Review: Citroën C4 Cactus

With its unusual padded doors, this car attracts plenty of looks. Shame driving it doesn't feel so special, says Sathnam Sanghera.

by Sathnam Sanghera

I cannot recall any vehicle I have ever driven, up to and including a topless Caterham and neon green pick-up truck, that attracted as much attention as the Citroën C4 Cactus. Glancing at it occasionally from my flat window, there was always someone peering at it, or prodding it, as if it had landed from Mars. Standing at the lights in Regent's Park, a builder ran across a site to knock on the window and ask about the point of the airbumps on the bodywork (Citroën claims they help make the Cactus the world's first car-park-damage-proof car, not something you really want to test).

My nieces literally begged on their knees not to be picked up from school in it, and then there were the comments on social networking after I posted a picture, which ranged from 'Jesus what on earth is this monstrosity' to 'where has it come from, what does it want?', 'it makes me want to bash it with a shopping trolley', 'My eyes!', 'I am going to report you under the Malicious Communications Act', and whole days later, 'still cross about a car I saw on Instagram'.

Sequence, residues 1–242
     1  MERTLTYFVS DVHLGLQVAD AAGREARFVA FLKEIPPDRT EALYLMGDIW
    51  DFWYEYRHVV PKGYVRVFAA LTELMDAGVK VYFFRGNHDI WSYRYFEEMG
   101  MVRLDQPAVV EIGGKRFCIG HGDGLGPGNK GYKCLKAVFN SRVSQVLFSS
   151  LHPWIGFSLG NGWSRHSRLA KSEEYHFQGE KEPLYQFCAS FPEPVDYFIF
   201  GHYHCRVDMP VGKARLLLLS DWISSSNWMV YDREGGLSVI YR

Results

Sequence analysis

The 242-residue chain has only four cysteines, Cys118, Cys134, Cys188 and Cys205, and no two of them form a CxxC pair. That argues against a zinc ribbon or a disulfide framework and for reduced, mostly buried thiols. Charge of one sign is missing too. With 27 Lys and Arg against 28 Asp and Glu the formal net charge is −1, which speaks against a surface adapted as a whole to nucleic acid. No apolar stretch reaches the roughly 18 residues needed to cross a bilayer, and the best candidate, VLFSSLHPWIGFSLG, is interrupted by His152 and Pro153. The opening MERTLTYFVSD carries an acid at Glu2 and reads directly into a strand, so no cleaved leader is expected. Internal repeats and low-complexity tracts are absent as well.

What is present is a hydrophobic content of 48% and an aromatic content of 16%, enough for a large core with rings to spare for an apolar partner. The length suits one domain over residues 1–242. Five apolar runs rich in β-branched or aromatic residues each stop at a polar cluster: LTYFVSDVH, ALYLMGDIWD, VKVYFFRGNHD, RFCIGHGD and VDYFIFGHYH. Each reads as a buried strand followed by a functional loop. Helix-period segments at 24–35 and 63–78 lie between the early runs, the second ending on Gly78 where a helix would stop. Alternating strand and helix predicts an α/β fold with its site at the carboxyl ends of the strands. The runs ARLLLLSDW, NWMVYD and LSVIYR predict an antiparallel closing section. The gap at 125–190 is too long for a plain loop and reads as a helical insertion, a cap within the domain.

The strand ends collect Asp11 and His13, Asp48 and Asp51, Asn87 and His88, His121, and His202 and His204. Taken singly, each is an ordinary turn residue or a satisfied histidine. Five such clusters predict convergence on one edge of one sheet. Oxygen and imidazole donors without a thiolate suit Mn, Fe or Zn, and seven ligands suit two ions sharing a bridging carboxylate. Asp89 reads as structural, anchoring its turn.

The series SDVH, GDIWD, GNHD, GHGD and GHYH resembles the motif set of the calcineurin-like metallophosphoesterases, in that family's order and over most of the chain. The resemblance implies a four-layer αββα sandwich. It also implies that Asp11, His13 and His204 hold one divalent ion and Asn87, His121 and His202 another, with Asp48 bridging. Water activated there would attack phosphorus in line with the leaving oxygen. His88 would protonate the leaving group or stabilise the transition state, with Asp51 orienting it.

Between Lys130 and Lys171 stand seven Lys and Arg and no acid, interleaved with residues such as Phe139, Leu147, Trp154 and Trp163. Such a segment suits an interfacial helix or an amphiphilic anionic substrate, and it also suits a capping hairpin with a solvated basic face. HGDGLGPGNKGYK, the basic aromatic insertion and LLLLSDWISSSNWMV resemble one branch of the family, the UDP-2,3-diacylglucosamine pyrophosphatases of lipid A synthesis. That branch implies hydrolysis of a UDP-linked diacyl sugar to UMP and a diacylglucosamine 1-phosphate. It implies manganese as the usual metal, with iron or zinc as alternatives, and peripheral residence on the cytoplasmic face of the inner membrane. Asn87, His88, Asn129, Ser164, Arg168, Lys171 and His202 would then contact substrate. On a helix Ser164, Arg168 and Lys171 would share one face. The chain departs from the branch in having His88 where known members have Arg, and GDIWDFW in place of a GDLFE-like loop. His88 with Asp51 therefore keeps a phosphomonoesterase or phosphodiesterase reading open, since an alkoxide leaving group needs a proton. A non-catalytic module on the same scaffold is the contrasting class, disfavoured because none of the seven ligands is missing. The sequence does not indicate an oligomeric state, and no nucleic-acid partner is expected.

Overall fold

There's no denying that the Cactus is an 'original' looking car with divisive design cues. The headlights look like they have been nicked from a Range Rover. In profile it resembles a bashed up Matchbox toy from the 1980s. It has the stance of a Staffie waiting to be thrown a ball. For what it's worth, I really liked the way it looked. Though I loved the interior even more, with its Knight Rider-style speedometer and Primrose-Hill-kitchen-store minimalism. It's annoying that you have to go into a menu on the iPad-style control pad to adjust the volume, rather than just twisting a knob, but then this screen also features the most intuitive satellite navigation unit on the market.

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